Exclusive sake dinner hosts the royal chef and world media
This spring, in an effort to raise the profile of sake internationally, the Japanese Sake and Shochu Association (JSS) and the Embassy of Japan co-hosted an exclusive sake and washoku dinner at the official residence of the Japanese ambassador in London. Twelve distinguished guests including Mark Flanagan MVO, the royal chef from Buckingham Palace, representatives from the UK Parliament and world media took delight in the heartfelt hospitality and exquisite pairing of sake and a seven course kaiseki dinner created by the Ambassador’s chefs.
Mr Yoshiro Okamoto, the vice chairman of JSS and Mr Koichi Saura from Urakasumi brewery flew in to London and co-hosted the event with the Ambassador Mr Keiichi Hayashi and Rie Yoshitake. The Japanese media kindly joined the evening to speak with guests and reported this memorable sake evening through television and national news.
It was one of the most high profile dinners ever organised by the Japanese sake industry in the UK. What must have surprised our guests was the diversity of sake. Many people in Europe may still think sake exists in only one variety, if not hot or cold, but there are many varieties of sake to enjoy, depending on the occasion and food to drink with.
This special evening started with a vigorously refreshing low alcohol sparkling sake. During dinner, we showcased floral, almost fruity and light Ginjo sake to compliment the delicate Kaiseki menu, then cloudy sake for stewed scallop with ginger, and sensational Dasai 39 for fresh sashimi. For juicy and richly flavoured wagyu beef, aged sake brewed in 2009 by Urakasumi was served. All sake was served chilled or cold to drink just like wine, except one sake style called Yamahai which was served warm in a tokkuri and sakazuki, so that guests and hosts exchanged a traditional ritual to serve each other’s cup with the saying ‘Kanpai!’. Maccha ice cream and desert plum sake combined beautifully as a finale. As the night went on, guests sipped an astonishing digestive called Time Machine, made by the only English master sake brewer in Japan, Philip Harper, using an ancient sake making technique.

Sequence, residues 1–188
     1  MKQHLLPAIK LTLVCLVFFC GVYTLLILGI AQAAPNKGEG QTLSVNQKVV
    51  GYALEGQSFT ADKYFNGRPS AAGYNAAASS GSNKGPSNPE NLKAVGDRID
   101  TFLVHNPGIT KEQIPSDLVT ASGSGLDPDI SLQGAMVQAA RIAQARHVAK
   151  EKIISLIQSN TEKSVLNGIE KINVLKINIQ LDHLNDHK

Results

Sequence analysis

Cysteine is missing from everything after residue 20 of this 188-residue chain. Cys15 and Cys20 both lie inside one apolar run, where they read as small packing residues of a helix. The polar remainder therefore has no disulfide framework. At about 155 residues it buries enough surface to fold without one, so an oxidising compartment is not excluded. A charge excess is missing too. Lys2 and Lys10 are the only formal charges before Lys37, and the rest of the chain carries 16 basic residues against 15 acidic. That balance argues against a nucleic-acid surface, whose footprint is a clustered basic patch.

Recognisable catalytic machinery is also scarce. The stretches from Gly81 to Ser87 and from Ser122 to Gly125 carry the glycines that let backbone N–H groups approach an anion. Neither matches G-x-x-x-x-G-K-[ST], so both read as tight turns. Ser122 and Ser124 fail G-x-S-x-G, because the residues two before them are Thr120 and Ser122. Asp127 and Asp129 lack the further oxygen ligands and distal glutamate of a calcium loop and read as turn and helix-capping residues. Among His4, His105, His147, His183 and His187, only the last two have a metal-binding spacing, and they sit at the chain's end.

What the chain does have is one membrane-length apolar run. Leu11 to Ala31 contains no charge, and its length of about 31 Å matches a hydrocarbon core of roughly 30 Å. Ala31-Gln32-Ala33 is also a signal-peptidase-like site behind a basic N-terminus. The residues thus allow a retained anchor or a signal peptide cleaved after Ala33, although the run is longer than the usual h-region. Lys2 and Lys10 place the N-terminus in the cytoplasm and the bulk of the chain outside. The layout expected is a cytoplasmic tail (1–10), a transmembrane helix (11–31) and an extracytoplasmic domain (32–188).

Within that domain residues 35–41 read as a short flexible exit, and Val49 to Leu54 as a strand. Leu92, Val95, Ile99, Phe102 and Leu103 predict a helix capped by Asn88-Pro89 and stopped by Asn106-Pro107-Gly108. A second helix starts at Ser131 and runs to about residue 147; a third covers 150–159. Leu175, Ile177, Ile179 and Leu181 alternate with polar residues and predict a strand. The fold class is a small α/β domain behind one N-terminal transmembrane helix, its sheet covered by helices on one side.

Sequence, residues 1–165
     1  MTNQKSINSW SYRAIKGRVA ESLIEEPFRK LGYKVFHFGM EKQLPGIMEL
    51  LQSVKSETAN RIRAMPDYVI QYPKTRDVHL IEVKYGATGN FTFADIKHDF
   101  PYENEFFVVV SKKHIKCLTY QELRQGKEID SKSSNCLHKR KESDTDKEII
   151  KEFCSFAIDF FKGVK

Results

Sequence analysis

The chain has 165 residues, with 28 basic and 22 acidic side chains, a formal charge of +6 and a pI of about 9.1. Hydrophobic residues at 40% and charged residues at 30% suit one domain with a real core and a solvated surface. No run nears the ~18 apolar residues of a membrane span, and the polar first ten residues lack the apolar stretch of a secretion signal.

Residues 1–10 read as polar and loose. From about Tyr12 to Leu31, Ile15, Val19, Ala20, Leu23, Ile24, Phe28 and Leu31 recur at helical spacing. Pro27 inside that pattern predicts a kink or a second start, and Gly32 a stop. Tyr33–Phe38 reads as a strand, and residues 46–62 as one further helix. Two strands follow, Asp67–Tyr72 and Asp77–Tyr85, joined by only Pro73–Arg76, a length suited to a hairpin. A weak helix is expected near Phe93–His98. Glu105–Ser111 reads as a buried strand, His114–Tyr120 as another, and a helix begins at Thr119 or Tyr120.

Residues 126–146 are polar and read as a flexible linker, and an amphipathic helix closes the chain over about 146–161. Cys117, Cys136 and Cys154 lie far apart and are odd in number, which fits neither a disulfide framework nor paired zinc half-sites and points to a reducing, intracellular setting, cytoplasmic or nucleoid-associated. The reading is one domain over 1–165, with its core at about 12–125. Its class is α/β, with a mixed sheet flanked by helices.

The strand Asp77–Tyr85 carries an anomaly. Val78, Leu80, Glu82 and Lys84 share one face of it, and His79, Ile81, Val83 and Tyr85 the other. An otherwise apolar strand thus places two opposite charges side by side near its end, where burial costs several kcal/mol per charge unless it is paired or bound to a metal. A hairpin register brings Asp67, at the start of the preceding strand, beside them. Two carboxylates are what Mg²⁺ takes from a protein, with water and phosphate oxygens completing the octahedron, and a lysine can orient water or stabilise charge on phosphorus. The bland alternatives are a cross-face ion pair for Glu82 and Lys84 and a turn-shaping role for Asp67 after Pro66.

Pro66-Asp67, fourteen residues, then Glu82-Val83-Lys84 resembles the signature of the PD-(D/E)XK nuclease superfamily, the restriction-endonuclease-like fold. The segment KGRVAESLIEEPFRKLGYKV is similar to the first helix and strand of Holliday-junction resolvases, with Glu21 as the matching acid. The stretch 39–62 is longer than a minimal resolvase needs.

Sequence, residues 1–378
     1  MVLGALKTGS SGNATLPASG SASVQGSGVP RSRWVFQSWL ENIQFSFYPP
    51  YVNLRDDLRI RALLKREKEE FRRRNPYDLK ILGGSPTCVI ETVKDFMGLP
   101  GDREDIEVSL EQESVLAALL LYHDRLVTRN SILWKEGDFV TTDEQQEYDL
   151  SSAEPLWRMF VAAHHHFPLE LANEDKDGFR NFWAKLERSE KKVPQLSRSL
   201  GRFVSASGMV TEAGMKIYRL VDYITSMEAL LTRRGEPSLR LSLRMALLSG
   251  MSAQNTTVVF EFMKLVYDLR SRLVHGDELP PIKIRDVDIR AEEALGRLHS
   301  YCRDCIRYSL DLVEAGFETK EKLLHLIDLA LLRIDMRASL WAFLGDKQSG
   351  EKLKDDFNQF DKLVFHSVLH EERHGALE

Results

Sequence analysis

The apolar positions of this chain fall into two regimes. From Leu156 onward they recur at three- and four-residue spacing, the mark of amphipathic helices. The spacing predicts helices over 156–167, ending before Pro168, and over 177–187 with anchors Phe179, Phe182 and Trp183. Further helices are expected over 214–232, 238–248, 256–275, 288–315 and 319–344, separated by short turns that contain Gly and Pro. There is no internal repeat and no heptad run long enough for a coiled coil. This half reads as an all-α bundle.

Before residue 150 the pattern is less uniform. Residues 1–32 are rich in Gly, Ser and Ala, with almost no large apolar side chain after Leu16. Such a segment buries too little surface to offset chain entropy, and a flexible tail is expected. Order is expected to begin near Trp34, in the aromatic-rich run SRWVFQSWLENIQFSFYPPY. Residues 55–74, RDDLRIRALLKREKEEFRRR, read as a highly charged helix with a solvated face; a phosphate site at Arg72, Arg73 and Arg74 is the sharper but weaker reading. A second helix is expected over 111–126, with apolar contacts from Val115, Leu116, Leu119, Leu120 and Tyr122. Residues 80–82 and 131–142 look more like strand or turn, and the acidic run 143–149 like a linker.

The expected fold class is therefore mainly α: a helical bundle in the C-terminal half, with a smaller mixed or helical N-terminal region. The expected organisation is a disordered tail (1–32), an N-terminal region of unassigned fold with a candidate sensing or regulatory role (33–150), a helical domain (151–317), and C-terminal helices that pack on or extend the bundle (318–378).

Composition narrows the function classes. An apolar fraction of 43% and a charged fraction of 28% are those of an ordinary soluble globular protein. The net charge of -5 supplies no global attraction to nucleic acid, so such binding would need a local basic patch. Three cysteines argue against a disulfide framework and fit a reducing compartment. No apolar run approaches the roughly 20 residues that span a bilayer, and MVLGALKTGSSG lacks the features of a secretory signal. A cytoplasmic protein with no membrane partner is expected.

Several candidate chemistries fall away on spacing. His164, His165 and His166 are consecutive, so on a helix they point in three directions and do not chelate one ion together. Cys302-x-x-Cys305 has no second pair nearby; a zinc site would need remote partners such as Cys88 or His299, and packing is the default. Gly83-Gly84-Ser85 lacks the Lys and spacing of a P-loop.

It sounds like an alcoholic evening but quite a few guests mentioned on the following day that they felt great and looked radiant without any hangover. We were glad to see the myth of sake’s ‘alcoholic horror’ is fading away steadily. We hope many people will forget the prejudice and bad experience of poor quality sake, and will start appreciating fine sake as a choice for the everyday drink at home.
The nine brands of sake served were Shochikubai Shirakabegura MIO sparkling sake, Urakasumi Zen, Koshino Kanbai Muku, Dassai 39, Tsukino Katsura Nigori, Urakasumi Junmai Daiginjo Koshu 2009, Urakasumi Umeshu and Tamagawa Time Machine.